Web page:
Allstate 400 attendance could be down 100K

UPDATE #2 A crowd of approximately 170,000 is expected today, down from the estimated 225,000 in attendance at last year's race. Still, that would keep the Brickyard as the largest draw on the 36-race Sprint Cup Series schedule. Daytona International Speedway has 168,000 seats; Bristol (Tenn.) Motor Speedway has 160,000.

Joie Chitwood said the crowd will surpass what his team recently presented to the six-member Indianapolis Motor Speedway Corp. board of directors.

"The economy and the tires were a bit of a double-whammy, but every sports property is dealing with the economy," said Chitwood, who is resigning, effective Aug. 6, to lead the 13 tracks owned by International Speedway Corp. "It's a challenge this year, but we've done our best.''

Asked if it was possible NASCAR wouldn't race here in the future, Chitwood responded with a quick "no."

When they're optimistically predicting 170,000 that leaves only 80,000 unused seats, throw in the late give-aways and it's likely they didn't sell more than 160,000 tops for what is one of their two premier events….and this coming after a July 4 race at Daytona saw the entire back grandstand closed. If NASCAR can't come close to selling out two of their three biggest events, what does that say for the rest of the schedule?

07/24/09 In the midst of a season during which the sagging economy has hit NASCAR from all sides, the series visits Indianapolis Motor Speedway this weekend for the 16th time with the added burden of making fans forget what happened a year ago.

"Today has challenges to it," NASCAR President Mike Helton conceded about a sport confronted by a litany of issues that includes:

Falling attendance and TV ratings.

Reduced financial commitment from its four participating automobile manufacturers, two of which — General Motors and Chrysler — have only recently emerged from bankruptcy.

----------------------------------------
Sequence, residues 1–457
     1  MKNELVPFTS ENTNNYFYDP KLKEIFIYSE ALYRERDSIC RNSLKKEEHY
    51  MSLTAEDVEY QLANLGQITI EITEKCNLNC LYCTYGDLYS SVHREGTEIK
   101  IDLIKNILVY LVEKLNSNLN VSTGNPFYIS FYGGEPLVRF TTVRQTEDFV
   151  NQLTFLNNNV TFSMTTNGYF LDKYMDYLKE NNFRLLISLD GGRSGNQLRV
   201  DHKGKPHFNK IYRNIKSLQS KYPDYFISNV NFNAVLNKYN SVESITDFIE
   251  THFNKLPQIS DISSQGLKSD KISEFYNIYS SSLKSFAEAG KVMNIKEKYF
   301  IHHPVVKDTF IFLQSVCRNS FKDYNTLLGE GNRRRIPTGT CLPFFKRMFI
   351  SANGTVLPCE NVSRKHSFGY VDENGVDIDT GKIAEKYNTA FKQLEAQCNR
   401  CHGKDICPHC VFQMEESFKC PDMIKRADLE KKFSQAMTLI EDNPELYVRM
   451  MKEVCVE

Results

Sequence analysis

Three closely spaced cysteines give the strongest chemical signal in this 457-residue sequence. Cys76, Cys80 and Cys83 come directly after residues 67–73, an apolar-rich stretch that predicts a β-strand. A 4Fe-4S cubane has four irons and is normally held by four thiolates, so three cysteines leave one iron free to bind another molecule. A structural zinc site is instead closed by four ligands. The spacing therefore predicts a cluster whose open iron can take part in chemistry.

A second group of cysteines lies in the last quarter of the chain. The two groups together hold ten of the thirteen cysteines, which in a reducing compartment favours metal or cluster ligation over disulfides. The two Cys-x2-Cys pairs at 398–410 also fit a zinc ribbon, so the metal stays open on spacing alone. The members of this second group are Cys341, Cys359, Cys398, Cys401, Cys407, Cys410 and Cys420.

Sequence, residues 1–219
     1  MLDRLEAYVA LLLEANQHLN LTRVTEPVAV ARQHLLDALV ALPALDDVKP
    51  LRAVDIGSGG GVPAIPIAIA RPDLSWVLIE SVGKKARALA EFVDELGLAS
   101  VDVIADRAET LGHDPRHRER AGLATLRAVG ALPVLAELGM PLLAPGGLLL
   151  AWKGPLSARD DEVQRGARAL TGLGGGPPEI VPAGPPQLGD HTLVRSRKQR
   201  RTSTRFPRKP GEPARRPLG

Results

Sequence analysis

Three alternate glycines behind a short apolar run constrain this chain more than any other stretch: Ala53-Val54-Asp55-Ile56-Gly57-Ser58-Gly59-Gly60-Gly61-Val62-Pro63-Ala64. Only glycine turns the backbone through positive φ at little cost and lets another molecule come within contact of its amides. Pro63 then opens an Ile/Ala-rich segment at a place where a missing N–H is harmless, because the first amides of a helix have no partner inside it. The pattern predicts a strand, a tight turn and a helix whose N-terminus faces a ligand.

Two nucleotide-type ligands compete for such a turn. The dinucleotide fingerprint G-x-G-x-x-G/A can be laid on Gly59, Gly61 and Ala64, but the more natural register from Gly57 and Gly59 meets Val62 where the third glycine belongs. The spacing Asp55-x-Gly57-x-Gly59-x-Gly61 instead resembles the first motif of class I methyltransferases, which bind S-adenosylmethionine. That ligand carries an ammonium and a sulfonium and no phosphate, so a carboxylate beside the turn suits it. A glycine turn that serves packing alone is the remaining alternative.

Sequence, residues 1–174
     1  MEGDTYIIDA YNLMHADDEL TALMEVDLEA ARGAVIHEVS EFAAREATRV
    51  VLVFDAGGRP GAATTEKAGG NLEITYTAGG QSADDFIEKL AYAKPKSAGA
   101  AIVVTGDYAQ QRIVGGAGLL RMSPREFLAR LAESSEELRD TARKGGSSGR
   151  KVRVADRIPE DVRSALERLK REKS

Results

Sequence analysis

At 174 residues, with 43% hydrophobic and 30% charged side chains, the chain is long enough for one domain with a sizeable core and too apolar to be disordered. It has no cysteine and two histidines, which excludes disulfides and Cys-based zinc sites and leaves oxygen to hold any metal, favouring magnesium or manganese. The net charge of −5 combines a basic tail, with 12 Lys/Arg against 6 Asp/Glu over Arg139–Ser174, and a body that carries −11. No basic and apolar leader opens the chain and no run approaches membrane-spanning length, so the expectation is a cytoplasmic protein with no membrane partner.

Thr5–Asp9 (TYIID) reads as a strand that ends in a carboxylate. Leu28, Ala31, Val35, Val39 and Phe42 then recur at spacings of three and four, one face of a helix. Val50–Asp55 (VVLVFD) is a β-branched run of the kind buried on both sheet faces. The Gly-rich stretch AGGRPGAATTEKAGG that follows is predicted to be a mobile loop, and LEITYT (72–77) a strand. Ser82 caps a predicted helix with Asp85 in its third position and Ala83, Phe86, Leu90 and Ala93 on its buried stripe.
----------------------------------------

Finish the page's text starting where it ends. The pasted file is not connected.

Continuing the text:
The suspension of driver Jeremy Mayfield, which has wound up in the courts. NASCAR claims Mayfield twice failed tests for methamphetamine; the driver maintains his innocence and accuses NASCAR of doctoring the results.

On top of all that, a return to Indianapolis brings back memories of the 2008 Allstate 400 at the Brickyard, in which a record 52 of 160 laps were run under caution because of safety concerns about rapid tire wear.

NASCAR was forced to slow the race every 10 to 12 laps to allow teams to change tires.

The latter problem, at least, appears to have been resolved. Goodyear tested seven times at the Speedway and, after the final test last month, all involved were adamant that tires would not be an issue in Sunday's race.

"It's been a lot of effort, a lot of time and a lot of commitment on a lot of people's parts to make sure we've covered all of our bases," Goodyear official Greg Stucker said. "We're very, very confident we've done that."

But even with those assurances and the fact that the top two spots in the Sprint Cup standings belong to a pair of Indiana drivers — two-time Brickyard winner Tony Stewart, who was born and still has a home in Columbus, and four-time winner Jeff Gordon, who grew up in Pittsboro — ticket sales have been lagging.

While not divulging numbers, outgoing track President Joie Chitwood said IMS is not immune to the economic realities that have produced an alarming number of empty seats (official attendance is not made public) at nearly all of this season's first 19 races.

"We're going to be down, like just about every other venue out there," Chitwood said.

But with a smile, he noted that because of the Speedway's enormity (257,000 permanent seats), it could have 100,000 go unused and still boast NASCAR's biggest crowd of the season.

"Trust me, we'll have a lot of people here," Chitwood said. Indy Star

06/12/09 Rumor has it there are as many as 100,000 unsold tickets for this year's Allstate 400 at Indy, just underscoring the huge drop in popularity of NASCAR.

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